I-2-5-30.Medical or Vocational Expert Opinion — General
Last Update: 4/1/16 (Transmittal I-2-170)
A. Obtaining an Expert Opinion
Before scheduling a hearing, the administrative law judge (ALJ), or the hearing office (HO) staff under the ALJ's direction, must review all of the evidence to determine if additional evidence is needed to inquire fully into the matters at issue. An ALJ will follow the applicable instructions in Hearings, Appeals and Litigation Law (HALLEX) manual I-2-5-34 for medical experts (ME) and I-2-5-50 for vocational experts (VE) to determine whether he or she needs to obtain an expert opinion.
If, after review, the ALJ determines he or she needs an ME or VE opinion, the ALJ will obtain the opinion either through testimony at a hearing or through written interrogatories. The ALJ must make every effort to obtain all essential documentary evidence early enough to allow the ME or VE sufficient time to consider the evidence before he or she responds to questions at a hearing or answers written interrogatories.
B. Testimony at the Hearing
Generally, it is preferred that an ALJ obtain an ME or VE opinion at the hearing, regardless of the expert's manner of appearance (i.e., in person, by video teleconferencing (VTC), or by telephone). Obtaining testimony at a hearing, rather than through interrogatories, is preferred because it allows the ALJ, claimant, and representative, if any, the opportunity to ask the ME or VE any questions material to the issues, including questions that arise for the first time during the hearing.
The ALJ will determine the manner of the ME's or VE's appearance at the hearing and may direct the expert to appear by VTC or telephone under the circumstances described in HALLEX I-2-3-10 A.2.
See HALLEX I-2-3-10 A.1. for information on when the ALJ may direct a claimant to appear by VTC or telephone.
The claimant may state objections to the expert appearing by VTC or telephone, or he or she may object to the expert based on perceived bias or lack of expertise. The ALJ will respond to any objections, either in writing or on the record at the hearing.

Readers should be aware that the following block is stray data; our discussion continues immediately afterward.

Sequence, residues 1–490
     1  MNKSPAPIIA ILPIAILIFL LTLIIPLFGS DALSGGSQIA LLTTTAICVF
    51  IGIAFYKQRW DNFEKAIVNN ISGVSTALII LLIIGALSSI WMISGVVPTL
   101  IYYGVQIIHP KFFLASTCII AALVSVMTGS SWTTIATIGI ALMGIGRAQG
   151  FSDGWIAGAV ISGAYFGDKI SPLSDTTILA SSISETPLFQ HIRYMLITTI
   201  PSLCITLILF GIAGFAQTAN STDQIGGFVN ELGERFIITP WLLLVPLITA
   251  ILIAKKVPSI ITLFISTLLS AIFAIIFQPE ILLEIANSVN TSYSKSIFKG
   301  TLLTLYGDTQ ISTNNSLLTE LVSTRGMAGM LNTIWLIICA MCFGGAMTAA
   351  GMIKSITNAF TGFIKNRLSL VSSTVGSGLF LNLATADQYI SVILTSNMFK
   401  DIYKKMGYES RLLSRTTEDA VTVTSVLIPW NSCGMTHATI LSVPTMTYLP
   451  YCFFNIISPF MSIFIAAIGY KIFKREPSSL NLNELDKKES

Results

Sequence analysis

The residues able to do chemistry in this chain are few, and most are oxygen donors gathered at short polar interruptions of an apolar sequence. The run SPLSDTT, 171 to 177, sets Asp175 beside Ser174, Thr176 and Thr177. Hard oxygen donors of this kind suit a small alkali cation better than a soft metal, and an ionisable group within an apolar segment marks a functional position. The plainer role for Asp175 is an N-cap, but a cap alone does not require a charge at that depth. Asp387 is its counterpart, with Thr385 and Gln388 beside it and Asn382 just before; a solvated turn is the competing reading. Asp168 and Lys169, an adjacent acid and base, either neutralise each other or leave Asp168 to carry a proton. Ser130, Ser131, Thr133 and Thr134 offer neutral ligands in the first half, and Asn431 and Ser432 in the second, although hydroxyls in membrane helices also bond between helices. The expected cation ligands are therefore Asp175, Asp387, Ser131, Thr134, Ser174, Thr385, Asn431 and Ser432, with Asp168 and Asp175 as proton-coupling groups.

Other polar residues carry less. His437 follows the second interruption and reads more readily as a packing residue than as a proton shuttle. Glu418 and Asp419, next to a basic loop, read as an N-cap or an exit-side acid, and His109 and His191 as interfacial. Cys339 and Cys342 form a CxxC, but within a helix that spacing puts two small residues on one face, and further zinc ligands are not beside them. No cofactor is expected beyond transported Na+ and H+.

An ALJ may use interrogatories if he or she decides that personal appearance and testimony by the expert are not essential and that interrogatories will provide a full inquiry into the matters at issue. However, the ALJ or HO staff must follow proffer procedures, as set forth in HALLEX I-2-5-29 or I-2-7-30. Proffer is necessary to allow the claimant and appointed representative, if any, the opportunity to review responses, submit comments or rebuttal evidence, object to questions, or to propose additional questions.
For administrative efficiency purposes, an ALJ will usually proffer interrogatories to the claimant and appointed representative after receiving the expert's responses to the ALJ's initial interrogatories.
In some circumstances, the ALJ may be required to offer the claimant the opportunity to request a supplemental hearing. See HALLEX I-2-7-1.
D. Waiver of Right to a Hearing
As set forth in HALLEX I-2-1-82, a claimant may waive the right to appear at an oral hearing and have the case decided on the evidence of record. However, even when the ALJ decides that the claimant's personal appearance and testimony are not essential, the ALJ may still schedule a hearing or supplemental hearing to obtain testimony from a VE or ME. When doing so, the ALJ must provide notice to the claimant of any scheduled proceeding using the usual procedures in HALLEX I-2-3-15. For general information about supplemental hearings, see also HALLEX I-2-6-80.